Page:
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Commencement of the summer campaign-Forward movement of
the army of Virginia—Cavalry fights in Loudoun and Fauquier
counties—The cavalry fight near Middleburg, 19th of June--I
am severely wounded--Stay at Upperville, and retreat from there
to Mr B.'s plantation—The last eighteen months of my stay in
the Confederacy-Departure for Richmond, and sojourn at the
capital and in the vicinity-Winter 1863-64-Stuart's death-
Departure for England,
CHANGE OF BASE-CROSSING OF THE SHENANDOAH-FIGHTS IN
LOUDOUN AND FAUQUIER-CROSSING OF THE RAPPAHANNOCK-FIGHTS IN THE REGION BETWEEN THE HAZEL AND RAPPAHANNOCK RIVERS—HEADQUARTERS NEAR CULPEPPER COURT-HOUSE-MY DEPARTURE FOR RICHMOND—FIGHTS AT
THE POTHOUSE AND ALDIE-RECEPTION AT MIDDLEBURG.
GENERAL M‘CLELLAN, the Federal Commander-inChief, having largely reinforced his army with regiments from the new levy of 300,000 volunteers called out for nine months, and having brought it to a strength of 140,000 men, well equipped in every respect, had at last determined upon a forward movement, all unknowing at the time that the supreme command was soon to be taken from him by the Government at Washington. The right wing of the
PLANS AND COUNTER-PLANS.
Federal forces, by a strong demonstration towards Harper's Ferry, made a show of invading Virginia from this point, but the great bulk of the army crossed the Potomac about fifteen miles lower down, near the little town of Berlin. General Lee, having been opportunely informed by his vigilant cavalry of the enemy's operations, had commenced, in the mean time, a movement on the opposite side of the Blue Ridge, in a nearly parallel direction towards Front Royal, being about a day's march ahead. Longstreet's corps was in the advance, Jackson's troops following slowly, covering the rear, and still holding the passes of the Blue Ridge, Snicker's, Ashby's and Chester Gaps. The cavalry under Stuart had orders to cross the Ridge at Snicker's Gap, to watch closely the movements of the enemy, retard him as much as possible, and protect the left flank of our army.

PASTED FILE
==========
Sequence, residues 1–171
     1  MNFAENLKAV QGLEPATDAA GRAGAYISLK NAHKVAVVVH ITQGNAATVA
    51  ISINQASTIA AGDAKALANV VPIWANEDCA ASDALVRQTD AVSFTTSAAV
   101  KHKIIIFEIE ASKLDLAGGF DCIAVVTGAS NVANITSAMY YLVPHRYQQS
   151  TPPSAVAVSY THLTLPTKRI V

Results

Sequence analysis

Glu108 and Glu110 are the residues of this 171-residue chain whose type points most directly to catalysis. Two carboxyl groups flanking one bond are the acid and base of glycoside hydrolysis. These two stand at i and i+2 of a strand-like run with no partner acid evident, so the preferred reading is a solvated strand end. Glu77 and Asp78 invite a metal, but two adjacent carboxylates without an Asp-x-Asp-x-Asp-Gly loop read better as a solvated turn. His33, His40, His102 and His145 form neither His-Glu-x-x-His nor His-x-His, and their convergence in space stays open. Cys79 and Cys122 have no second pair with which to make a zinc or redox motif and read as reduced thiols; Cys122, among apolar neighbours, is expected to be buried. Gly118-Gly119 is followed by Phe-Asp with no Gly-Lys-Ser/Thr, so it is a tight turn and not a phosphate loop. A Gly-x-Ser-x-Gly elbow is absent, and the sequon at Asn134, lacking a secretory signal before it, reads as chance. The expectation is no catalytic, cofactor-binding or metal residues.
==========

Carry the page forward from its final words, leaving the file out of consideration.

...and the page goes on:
So we rode quietly along in the tracks of our horsemen, who, before the Staff had left “ The Bower," had proceeded in the direction of Berryville. Our mercurial soldiers were as gay as ever, and even the most sentimental members of the Staff had rallied from the despondence incidental to departure from our late encampment, when during the afternoon we reached en route the little town of Smithfield, where, under Bob Sweeney's direction as impresario, we managed to get up a serenade for the